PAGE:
Aoun’s remark was seen as a response to Marada movement leader MP Suleiman Franjieh , a stanch ally of Syrian President Bashar Assad who called on October 10, 2013 for electing a new president by simple majority instead of the two thirds majority.
“Electing a president with a simple majority is dangerous,” Aoun said in remarks published by An-Nahar newspaper on Saturday.
“The president should enjoy the widest possible consensus. He is unable to rule with a two-thirds majority, let alone 51 percent.”
The FPM leader also voiced his rejection to any extension of the term of President Michel Suleiman, saying that it would be akin to “an extension of the political vacuum.”
He also criticized Lebanese Forces leader Samir Geagea for opposing his candidacy.
“Geagea said that he is against my nominating him. He, as well as us, wants a strong president, and he considers himself a strong leader I will therefore nominate him.”
While reiterating his decision to refrain from nominating himself for the presidency , Aoun said that he would backtrack on the decision “if the decision makers in this issue wanted me.”
Aoun also linked the formation of a new government and the election of a president.
“The solution is through the formation of a new government. No government, no presidential elections.”
Aoun renewed his criticism of Caretaker Prime Minister Najib Mikati over his policies in the resigned cabinet.
On Tuesday, the FPM chief called on Mikati to “leave the Grand Serail.” He accused him of disassociating himself from local events.
Suleiman’s six-year term ends in May 2014. He has repeatedly said that he is against the extension of his own term. Extension of Suleiman’s mandate is virtually ruled out as the Hezbollah-led March 8 alliance is reported to be opposing it. Extension of the president’s mandate requires a two-third majority of MPs in the 128-member legislature.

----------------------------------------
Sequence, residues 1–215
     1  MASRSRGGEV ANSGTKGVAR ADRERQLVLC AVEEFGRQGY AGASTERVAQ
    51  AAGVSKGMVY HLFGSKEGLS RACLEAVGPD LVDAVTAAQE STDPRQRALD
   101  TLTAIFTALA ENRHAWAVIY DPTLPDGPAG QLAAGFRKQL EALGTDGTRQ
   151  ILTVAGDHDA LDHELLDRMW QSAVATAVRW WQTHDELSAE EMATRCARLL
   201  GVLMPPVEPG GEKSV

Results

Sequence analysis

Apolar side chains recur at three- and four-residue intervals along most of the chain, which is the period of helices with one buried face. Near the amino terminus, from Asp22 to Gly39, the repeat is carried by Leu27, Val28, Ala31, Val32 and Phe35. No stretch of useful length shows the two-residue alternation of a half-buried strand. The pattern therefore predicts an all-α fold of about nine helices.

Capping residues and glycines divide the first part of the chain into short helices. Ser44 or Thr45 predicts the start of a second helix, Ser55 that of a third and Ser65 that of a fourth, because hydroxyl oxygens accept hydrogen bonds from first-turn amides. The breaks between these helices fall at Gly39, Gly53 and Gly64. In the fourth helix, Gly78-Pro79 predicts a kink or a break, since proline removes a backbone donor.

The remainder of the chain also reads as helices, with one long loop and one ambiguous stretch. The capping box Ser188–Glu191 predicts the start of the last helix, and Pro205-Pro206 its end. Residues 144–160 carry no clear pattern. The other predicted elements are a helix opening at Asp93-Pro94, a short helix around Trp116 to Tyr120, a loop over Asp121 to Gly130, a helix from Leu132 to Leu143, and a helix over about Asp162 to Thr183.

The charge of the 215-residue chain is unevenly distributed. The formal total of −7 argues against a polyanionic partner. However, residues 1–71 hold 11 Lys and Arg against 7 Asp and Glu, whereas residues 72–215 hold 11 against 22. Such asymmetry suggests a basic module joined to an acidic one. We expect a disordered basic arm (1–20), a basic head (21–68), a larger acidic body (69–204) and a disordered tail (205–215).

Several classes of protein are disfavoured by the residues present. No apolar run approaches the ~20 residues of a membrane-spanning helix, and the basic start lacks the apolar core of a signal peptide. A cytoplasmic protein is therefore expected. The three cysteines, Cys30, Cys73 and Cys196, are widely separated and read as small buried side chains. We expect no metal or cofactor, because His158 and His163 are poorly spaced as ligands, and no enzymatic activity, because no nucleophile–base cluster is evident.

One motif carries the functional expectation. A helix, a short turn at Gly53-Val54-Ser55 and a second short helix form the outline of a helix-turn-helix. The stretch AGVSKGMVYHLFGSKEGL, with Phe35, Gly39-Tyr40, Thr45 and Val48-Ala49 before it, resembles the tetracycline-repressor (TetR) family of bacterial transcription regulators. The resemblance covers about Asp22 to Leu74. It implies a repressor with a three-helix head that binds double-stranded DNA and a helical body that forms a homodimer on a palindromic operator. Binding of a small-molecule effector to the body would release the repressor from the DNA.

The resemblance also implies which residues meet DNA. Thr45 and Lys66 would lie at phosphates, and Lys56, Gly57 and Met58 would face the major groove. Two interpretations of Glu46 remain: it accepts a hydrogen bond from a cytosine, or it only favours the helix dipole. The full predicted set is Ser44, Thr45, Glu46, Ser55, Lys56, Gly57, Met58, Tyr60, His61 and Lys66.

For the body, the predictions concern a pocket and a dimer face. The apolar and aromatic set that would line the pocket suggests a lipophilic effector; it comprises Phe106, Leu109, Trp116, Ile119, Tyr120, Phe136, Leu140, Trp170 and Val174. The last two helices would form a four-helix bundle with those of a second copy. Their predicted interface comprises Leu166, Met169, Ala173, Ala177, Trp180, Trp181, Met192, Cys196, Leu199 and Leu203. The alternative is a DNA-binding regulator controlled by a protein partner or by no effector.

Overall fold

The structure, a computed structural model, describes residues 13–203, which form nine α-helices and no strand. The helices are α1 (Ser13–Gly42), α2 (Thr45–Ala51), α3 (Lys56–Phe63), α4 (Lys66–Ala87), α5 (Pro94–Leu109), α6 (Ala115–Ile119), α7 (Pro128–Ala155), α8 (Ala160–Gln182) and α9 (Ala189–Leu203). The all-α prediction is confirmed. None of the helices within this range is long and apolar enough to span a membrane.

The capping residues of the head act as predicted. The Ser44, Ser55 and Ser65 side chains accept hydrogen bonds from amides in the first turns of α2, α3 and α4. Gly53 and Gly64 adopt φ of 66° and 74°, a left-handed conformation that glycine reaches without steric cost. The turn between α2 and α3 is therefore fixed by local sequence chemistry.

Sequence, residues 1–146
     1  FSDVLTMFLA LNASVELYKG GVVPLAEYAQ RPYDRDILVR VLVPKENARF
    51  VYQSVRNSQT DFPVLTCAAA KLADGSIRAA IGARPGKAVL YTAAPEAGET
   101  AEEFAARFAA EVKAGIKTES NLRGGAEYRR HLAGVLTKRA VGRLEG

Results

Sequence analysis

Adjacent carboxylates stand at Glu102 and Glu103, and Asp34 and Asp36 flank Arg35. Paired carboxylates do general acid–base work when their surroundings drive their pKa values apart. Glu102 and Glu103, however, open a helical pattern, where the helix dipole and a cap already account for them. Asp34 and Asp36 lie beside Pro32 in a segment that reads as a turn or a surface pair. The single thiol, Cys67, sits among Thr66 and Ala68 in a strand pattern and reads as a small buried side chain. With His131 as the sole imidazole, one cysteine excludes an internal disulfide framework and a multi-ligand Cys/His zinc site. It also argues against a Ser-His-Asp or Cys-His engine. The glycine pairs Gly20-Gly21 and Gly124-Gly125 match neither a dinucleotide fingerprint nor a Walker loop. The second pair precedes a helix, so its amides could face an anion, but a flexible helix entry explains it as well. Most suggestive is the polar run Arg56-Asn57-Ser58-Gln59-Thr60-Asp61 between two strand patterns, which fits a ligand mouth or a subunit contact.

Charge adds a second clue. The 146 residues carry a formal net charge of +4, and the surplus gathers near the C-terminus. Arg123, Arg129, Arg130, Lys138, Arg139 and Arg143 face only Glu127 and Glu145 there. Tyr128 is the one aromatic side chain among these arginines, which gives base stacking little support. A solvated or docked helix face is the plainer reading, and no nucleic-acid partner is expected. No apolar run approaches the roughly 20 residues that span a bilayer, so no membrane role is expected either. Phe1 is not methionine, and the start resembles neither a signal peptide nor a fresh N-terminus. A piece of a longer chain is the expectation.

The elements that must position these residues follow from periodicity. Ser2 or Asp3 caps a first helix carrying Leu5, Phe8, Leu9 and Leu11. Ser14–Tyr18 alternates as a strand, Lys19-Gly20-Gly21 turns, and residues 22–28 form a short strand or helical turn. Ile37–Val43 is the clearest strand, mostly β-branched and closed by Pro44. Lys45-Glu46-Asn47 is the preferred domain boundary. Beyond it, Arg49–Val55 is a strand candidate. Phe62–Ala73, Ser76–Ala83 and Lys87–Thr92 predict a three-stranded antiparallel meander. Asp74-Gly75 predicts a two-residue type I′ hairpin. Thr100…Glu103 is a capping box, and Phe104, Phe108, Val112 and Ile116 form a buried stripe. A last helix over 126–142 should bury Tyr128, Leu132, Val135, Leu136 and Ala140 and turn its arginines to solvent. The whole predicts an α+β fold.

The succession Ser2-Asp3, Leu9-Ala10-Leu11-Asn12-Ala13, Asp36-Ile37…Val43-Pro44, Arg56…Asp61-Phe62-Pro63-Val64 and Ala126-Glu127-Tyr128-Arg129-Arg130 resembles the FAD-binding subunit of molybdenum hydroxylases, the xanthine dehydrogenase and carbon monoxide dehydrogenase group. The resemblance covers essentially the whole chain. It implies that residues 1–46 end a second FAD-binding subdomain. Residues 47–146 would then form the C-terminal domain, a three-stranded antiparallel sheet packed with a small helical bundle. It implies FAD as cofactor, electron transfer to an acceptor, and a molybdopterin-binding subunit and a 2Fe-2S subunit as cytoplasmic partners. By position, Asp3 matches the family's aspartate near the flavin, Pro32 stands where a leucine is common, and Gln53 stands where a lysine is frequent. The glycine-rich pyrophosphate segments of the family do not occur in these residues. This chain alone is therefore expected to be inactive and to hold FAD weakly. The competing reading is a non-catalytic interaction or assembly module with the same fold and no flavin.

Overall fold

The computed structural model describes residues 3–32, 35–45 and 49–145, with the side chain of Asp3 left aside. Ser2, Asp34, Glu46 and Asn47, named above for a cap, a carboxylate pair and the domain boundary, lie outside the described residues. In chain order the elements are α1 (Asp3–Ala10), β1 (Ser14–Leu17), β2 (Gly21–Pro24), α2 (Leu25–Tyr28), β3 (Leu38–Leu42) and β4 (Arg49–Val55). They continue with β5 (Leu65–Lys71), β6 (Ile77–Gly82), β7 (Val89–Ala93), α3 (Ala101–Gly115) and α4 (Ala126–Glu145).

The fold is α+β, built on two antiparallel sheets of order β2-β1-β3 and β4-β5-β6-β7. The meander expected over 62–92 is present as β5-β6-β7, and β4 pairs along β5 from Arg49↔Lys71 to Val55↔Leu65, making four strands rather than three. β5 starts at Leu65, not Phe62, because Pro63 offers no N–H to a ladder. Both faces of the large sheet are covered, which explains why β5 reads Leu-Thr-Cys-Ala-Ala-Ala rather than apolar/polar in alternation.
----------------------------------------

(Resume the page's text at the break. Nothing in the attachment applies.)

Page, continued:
There are major concerns that differences and lack of consensus among rival political parties would prevent the parliament from meeting and would lead to a vacuum in the presidency.
Meanwhile, Lebanon is still struggling to install a new cabinet, months after the resignation of caretaker Prime Minister Najib Mikati. Premier-designate Tammam Salam cited the pre-conditions imposed by the opposing March 14 and March 8 blocs as a reason behind the delay in the formation process.
Last June the Lebanese Parliament extended its own term until November 20, 2014 because of deteriorating security conditions related to Syria’s turmoil and because it was unable to agree on an electoral law.
According to some analysts come November 20, 2014 lebanon could still be without a parliament, without a president and without a cabinet. Other analysts are of the opinion that the recent American-Iranian accord could produce the consensus need for the election of a new president.